THREE LATIN AMERICAN WRITERS

by Carmina Masoliver

On a recent trip to Mexico, I decided to take with me three books by authors of Latin American heritage, including two of Mexican background, and one Cuban. All were women. Aside from eating the most delicious chimichangas, learning about the ancient Mayan ruins, and climbing up the Ixmoja part of the Nohoch Mul, I spent a lot of my time reading these authors by the sea with a strawberry daiquiri. Within just one week I had nearly consumed them all and discovered a new love of Latin American writing.Continue Reading

SPRING-BEARING COURAGE

by Alex Valente

Original Italian by Verusca Costenaro (1974 – ), ‘Il coraggio che fa primavera’

It’ll be from your comicseyes

that a new courage will rise

for the autumn, it’ll tangle in the wind

and the wind will paint it snowinter

so that the sun may thaw it

fresh in spring, it’ll be

a bearing of violets and mixture of calls,

cerulean choir bearing life in the background to desire,

the sprint of wings on the field, to feed on the grass that will grow,

summervoice adorned of an evergreen yellow,

a remedy to the fears brought by good

dreams of a small evening in august.

Featured image via caffellattefirenze


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REVIEW: BETTER WATCH YOUR MOUTH, BY JENN HART

by Carmina Masoliver

The cover of Better Watch Your Mouth displays a set of lips and teeth pulling the kind of expression you would make after being told such a thing. It suggests an unapologetic rejection of censorship, which is later reflected in the poem ‘Ugh, Men’ with the statement ‘we will not censor ourselves (x3)’.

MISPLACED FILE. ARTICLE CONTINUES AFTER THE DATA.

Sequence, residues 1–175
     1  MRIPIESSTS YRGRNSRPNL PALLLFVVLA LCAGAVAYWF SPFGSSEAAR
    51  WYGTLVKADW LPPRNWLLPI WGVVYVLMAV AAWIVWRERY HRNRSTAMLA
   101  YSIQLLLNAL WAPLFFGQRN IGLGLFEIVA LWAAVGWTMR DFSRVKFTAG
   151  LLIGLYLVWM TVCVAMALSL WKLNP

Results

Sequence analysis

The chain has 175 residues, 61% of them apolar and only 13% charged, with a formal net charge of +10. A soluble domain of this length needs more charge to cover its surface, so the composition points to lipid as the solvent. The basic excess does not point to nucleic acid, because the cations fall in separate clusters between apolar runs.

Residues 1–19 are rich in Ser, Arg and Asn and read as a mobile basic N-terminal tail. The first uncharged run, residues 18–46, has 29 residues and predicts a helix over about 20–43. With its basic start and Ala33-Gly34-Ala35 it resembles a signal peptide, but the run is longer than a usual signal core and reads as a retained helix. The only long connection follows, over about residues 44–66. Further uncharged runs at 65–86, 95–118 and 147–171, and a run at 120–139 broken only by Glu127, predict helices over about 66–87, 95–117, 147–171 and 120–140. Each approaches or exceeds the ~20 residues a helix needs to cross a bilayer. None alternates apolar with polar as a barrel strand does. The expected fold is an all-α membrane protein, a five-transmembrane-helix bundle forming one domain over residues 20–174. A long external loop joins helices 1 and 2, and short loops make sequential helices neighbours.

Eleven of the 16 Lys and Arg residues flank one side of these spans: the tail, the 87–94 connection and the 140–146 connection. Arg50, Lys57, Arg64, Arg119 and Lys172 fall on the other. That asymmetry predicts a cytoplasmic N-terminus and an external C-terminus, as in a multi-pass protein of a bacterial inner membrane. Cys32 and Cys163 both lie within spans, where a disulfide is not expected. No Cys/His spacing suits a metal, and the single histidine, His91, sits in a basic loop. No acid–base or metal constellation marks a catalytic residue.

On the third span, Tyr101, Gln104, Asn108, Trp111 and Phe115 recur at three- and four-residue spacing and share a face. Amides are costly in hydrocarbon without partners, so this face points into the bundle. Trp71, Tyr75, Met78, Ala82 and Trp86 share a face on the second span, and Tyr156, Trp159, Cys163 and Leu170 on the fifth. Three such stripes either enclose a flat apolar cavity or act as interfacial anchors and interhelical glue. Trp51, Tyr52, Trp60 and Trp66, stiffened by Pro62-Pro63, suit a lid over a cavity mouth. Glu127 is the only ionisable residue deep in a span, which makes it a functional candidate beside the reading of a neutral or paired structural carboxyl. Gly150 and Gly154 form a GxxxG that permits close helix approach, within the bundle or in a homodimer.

This is a collection that mixes everyday language with profound metaphor, and beautiful imagery with emotive stories. It begins with the telling of others’ stories and gradually becomes more personal, yet in a way that is also relatable, as time skips back and forth like the mind floating back to memories, some singed with pain and others with nostalgia.

Continue Reading

THE HARBOUR

by Alex Valente

Original Italian by Anna Belozorovitch (Moscow, 1983 – ), ‘Il porto’ from Il Debito

The harbour breathes as everything changes;
it carries in its womb the still change,
the evolution to turmoil-based unexpectedness,
the summer heat. And it makes no soundContinue Reading

THINGS ONLY WOMEN WRITERS HEAR AND THE TROUBLE WITH TWITTER

by Hannah Rose

Virginia Woolf stated in her 1929 seminal essay A Room of One’s Own that, because women remain unequal to men in society, they are less likely to succeed as writers. A writer has two basic requirements in order to write productively: an independent income which provides basic necessities—food and shelter— and uninterrupted writing time. In 1929, the majority of British women were either working to provide the basic necessities for others, and did not have a private space in which to pursue a creative life or an independent income. This, says Wolf, is why the literary canon is dominated by men. “Intellectual freedom,” she writes, “depends upon material things.”

Almost a century later, some women are still having to argue their right to a creative life.Continue Reading

UNTITLED

1

by Alex Valente

Original Italian by Nadia Campana (1954-1985), untitled from Verso la Mente

more of the living during the journey
many horizons for hours and hours
submerged in distanceContinue Reading

THE WOMEN ARE LAUGHING IN THE GYM

by Alex Valente

Original Italian by Caterina Sinibaldi, after Alex Valente’s translation of Andrew McMillan’s ‘the men are weeping in the gym’, ‘le donne ridono in palestra’

the women are laughing in the gym
on smooth backs words run to the music,
thoughts and dreams on sweaty mats.
solitary machines with white towels sing the intimate exhaustion of a quietness
women.Continue Reading